Laurie Cardoza-Moore, a Williamson County-based anti-Muslim activist, has been reappointed to the state’s Textbook and Instructional Materials Quality Commission. She was appointed in 2021 and will continue to serve through June 2025. The commission is responsible for recommending textbooks and instructional materials to the Tennessee Department of Education.
Cardoza-Moore is known for her efforts to stop the construction of a Murfreesboro mosque. Additionally, as Stephen Elliott reported for the Scene in 2021, Cardoza-Moore spread misinformation about the 2020 election and urged people to “defend our Constitutional Republic” ahead of the Jan. 6 insurrection at the U.S. Capitol. She unsuccessfully ran in the Republican primary for state House District 63 this year but was beaten by Jake McCalmon.
Cardoza-Moore has made a number of controversial statements, including espousing fringe beliefs about the Sept. 11 terrorist attacks, claiming the United States was “founded on the Torah,” claiming that 30 percent of Muslims are terrorists (which she later denied) and more.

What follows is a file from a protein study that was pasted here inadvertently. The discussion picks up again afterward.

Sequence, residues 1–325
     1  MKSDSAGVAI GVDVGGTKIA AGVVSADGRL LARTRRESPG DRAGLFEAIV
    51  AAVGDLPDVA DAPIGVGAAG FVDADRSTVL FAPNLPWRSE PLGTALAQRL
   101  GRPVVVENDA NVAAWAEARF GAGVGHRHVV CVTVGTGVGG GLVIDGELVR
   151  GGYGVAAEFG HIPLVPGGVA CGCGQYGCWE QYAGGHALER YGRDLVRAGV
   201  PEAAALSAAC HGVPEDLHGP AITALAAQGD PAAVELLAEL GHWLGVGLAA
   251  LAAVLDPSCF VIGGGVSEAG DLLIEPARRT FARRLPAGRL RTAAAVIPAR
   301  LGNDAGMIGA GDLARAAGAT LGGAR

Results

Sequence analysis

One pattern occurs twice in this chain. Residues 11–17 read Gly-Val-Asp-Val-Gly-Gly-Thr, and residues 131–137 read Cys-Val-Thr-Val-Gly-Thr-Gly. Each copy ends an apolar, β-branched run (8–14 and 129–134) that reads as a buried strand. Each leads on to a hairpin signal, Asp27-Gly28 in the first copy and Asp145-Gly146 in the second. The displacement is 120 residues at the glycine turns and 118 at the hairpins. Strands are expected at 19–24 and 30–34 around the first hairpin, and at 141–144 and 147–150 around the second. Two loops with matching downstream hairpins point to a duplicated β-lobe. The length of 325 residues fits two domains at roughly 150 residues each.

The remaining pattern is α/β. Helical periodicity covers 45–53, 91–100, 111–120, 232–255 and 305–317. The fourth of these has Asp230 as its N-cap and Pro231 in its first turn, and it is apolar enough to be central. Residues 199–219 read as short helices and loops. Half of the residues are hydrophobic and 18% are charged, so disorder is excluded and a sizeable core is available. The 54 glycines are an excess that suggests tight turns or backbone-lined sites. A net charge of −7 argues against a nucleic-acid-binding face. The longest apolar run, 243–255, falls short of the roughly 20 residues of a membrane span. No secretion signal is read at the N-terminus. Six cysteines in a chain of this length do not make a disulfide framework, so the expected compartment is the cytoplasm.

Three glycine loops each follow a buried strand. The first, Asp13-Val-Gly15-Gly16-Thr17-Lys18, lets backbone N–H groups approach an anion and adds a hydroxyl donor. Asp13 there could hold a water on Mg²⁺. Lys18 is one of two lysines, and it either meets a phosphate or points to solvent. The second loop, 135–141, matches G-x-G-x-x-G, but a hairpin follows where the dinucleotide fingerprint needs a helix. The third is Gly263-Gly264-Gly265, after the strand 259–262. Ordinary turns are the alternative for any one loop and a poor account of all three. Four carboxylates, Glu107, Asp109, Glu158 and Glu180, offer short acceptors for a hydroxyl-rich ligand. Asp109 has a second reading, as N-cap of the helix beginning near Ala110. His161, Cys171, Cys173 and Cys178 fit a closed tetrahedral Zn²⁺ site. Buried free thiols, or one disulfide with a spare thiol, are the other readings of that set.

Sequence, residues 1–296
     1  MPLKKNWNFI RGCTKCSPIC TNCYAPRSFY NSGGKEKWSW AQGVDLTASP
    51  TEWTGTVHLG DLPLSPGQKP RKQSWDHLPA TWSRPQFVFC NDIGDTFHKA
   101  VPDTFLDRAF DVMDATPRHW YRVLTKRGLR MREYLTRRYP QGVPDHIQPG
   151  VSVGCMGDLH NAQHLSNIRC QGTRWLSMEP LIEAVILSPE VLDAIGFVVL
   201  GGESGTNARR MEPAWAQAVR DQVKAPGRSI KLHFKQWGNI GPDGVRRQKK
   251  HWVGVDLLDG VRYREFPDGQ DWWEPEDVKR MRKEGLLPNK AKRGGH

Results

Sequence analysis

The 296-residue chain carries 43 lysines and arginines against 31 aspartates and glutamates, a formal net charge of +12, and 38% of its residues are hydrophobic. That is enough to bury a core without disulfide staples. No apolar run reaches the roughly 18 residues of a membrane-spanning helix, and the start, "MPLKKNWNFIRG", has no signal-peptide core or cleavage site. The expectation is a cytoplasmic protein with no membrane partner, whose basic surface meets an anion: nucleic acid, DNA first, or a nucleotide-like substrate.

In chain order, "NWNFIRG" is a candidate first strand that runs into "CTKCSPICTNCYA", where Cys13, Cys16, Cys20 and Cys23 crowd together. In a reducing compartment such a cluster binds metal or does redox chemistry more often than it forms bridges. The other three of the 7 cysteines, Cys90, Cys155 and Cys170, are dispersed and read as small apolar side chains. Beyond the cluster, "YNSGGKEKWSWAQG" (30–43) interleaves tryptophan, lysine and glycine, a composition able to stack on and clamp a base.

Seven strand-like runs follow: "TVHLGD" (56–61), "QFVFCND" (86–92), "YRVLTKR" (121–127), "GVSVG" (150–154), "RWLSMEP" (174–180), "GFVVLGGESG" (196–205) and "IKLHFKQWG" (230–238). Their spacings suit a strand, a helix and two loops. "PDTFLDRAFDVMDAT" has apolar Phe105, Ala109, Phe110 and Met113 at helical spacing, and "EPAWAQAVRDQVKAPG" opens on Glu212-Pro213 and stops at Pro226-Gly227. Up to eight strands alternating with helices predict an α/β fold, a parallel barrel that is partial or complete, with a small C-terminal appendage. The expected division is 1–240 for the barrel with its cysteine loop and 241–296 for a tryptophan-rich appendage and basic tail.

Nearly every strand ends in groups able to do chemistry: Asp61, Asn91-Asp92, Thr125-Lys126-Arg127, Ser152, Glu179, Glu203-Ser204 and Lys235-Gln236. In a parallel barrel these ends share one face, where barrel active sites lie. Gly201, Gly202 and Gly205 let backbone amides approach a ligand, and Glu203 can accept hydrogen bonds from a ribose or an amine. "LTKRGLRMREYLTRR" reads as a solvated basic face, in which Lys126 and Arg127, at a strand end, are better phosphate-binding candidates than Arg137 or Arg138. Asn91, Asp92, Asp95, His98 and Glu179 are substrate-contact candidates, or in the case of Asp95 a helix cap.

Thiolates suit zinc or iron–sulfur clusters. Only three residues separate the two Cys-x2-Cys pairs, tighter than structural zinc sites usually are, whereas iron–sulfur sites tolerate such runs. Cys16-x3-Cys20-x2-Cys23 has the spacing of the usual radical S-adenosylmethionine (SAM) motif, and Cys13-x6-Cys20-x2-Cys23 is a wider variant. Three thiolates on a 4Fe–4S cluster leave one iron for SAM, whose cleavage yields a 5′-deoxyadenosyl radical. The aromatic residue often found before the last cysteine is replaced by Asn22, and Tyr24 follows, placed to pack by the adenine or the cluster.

Cardoza-Moore also published an opinion piece in The Tennessean this year that wrongfully accused Nashville Public Library director Kent Oliver of promoting “pornographic, racist, antisemitic and anti-American content within the walls of the Nashville Public Library.” Scene contributor Betsy Phillips shared her thoughts on that piece, as well as the questionable spending habits of Cardoza-Moore’s nonprofit Proclaiming Justice to the Nations.
Her reappointment follows a new law granting commission the authority to ban books in local districts.
The Council on American-Islamic Relations decried the reappointment in a press release.
"Students in Tennessee should be able to attend school and obtain an education without being distracted by political extremists or hateful bigots,” says CAIR’s national deputy director Edward Ahmed Mitchell. “Laurie Cardoza-Moore, a conspiracy theorist whose anti-Muslim rhetoric has endangered Tennessee families, has no business serving on any government commission, especially one that can influence what students read in their textbooks.”